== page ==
Five years ago, Rosa walked to the end of the pier in the dead of night. She looked into the swirling water, and jumped. She was a brilliant young Cambridge student who had just lost her father. Her death was tragic, but not unexpected.Was that what really happened? The coroner says it was. But Rosa’s boyfriend Jar can’t let go. He sees Rosa everywhere – a face on the train; a figure on the cliff. He is obsessed with proving that she is still alive. And then he gets an email. Find me, Jar. Find me, before they do…Is Rosa really dead? And, if she is, who is playing games with the ones she left behind?
23 Review Street
Q&A with J. S. Monroe
Hi J. S. Monroe, thank you for being on my blog I am thrilled to be asking you questions about your book and books in general! I have read ‘Find Me’ and I can truly say it is one of the best books I have ever read.
Find Me is one of those books that keeps you guessing throughout, did you know how it would end or were you just as surprised by the ending?
I’m delighted you enjoyed Find Me and thank you for inviting me to be on your blog. After writing about a third of the book, I realised that I was heading for an espionage resolution to the question of Rosa’s disappearance. I’d previously written five spy novels (under my own name, Jon Stock) and was confident that my spy theory would more than explain why and how Rosa had disappeared five years earlier in Cromer. Then I had lunch with my agent, Will Francis at Janklow & Nesbit, and he nodded politely over the soup to my summary of how the story would end. He liked it a lot, he said, but had I considered throwing in alternative possible reason for her disappearance – something to do with her past and her own character? In other words, steering Find Me into psychological thriller territory and away from the spy landscape that I was familiar with. I knew at once that he was right – I also knew that it would be a lot harder to do. But I was so excited by the challenge, more so than I’ve ever been about anything that I’ve written.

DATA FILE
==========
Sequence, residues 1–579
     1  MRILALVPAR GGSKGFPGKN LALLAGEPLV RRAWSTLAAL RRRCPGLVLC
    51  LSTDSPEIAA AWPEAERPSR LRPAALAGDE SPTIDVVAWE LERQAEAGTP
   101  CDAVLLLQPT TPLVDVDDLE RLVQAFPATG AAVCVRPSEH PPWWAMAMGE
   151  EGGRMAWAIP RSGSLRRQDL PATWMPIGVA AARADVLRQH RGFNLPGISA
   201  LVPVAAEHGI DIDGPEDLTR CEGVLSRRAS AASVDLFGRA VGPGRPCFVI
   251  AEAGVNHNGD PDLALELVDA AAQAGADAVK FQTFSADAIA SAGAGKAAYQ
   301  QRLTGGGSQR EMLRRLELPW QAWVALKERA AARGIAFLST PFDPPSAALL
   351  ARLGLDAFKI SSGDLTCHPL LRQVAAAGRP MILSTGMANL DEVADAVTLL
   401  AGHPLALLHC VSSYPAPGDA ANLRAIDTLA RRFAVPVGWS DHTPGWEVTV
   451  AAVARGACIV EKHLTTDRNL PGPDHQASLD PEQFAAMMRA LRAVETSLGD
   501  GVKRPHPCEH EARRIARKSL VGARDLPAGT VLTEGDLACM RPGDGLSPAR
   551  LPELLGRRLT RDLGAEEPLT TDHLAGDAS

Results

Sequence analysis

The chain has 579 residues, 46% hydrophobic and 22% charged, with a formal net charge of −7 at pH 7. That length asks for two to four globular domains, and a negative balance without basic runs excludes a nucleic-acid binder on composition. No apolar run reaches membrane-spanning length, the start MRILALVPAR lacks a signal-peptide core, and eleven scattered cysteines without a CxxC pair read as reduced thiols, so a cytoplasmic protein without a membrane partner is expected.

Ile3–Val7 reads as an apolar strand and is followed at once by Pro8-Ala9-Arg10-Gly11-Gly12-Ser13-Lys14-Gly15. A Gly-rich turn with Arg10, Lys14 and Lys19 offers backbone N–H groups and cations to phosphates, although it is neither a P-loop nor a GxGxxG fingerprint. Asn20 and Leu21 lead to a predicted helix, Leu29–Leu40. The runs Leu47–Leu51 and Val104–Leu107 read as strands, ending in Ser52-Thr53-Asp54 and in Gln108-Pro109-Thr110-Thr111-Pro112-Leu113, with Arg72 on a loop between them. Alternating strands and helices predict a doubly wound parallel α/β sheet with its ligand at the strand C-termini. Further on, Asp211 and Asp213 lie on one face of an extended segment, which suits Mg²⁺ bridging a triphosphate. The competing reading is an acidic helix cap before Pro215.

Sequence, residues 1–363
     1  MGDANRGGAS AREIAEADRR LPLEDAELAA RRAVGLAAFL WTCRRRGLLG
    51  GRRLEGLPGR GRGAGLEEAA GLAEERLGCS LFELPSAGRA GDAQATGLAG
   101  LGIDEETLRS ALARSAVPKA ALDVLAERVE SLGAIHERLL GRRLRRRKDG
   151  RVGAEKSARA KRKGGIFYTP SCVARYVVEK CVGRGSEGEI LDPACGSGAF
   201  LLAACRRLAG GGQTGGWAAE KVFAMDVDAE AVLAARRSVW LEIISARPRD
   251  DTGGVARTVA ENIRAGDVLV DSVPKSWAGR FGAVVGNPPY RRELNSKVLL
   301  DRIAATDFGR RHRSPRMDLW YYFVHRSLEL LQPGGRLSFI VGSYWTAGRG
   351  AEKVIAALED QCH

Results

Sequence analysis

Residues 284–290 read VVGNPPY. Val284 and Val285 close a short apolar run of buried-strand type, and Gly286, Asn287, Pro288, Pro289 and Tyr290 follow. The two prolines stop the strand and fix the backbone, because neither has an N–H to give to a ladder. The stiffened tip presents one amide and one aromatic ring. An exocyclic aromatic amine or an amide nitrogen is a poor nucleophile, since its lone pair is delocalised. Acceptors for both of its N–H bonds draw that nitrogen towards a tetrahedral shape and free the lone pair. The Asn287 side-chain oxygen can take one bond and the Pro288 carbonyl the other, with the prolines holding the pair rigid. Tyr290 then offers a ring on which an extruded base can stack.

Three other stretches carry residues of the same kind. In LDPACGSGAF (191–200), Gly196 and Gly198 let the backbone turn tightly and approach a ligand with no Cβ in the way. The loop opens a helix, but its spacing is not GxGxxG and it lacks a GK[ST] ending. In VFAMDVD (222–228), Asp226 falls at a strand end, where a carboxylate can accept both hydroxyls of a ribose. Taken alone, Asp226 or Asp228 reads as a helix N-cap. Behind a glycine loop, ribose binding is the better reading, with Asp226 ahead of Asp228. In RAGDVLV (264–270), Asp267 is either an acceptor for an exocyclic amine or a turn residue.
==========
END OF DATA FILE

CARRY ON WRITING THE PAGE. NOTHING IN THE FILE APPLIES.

As I began to develop this second possible explanation for Rosa’s disappearance, I realised I didn’t want to let go of the first, espionage theory. Far from it. And so I developed both theories in tandem, aiming to make them equally credible (which did my head in, believe me!). Throw in some unreliable narration and you have the makings of a complex story. I hope that the reader doesn’t know which narrative to believe until the very last chapter – and even then there should be an element of doubt as the narrative gives one final flick of the tale…
If Find Me was made into a television show or movie, who could you imagine playing the characters and why?
We’ve already had a lot of film interest from America and in particular and a British writer who works on scripts with a fellow American scribe. The British guy could really relate to Find Me, for various personal reasons. Interestingly, he wants to switch round the sexes, making Jar a woman and Rosa a man, so it would be a woman looking for her apparently dead boyfriend. I was a little surprised when I first heard this, but there’s actually quite a lot sense in it. For one thing, there are, apparently, a lot more gifted young female leads right now in Hollywood than men.